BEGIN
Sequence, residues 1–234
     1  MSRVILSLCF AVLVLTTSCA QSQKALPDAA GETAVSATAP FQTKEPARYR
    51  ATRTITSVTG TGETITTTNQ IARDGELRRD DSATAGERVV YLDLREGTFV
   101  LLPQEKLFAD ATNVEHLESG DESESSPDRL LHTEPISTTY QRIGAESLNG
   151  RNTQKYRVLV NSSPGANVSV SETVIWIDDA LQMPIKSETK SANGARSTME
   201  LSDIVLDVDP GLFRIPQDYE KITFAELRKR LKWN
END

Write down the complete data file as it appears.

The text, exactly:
Sequence, residues 1–234
     1  MSRVILSLCF AVLVLTTSCA QSQKALPDAA GETAVSATAP FQTKEPARYR
    51  ATRTITSVTG TGETITTTNQ IARDGELRRD DSATAGERVV YLDLREGTFV
   101  LLPQEKLFAD ATNVEHLESG DESESSPDRL LHTEPISTTY QRIGAESLNG
   151  RNTQKYRVLV NSSPGANVSV SETVIWIDDA LQMPIKSETK SANGARSTME
   201  LSDIVLDVDP GLFRIPQDYE KITFAELRKR LKWN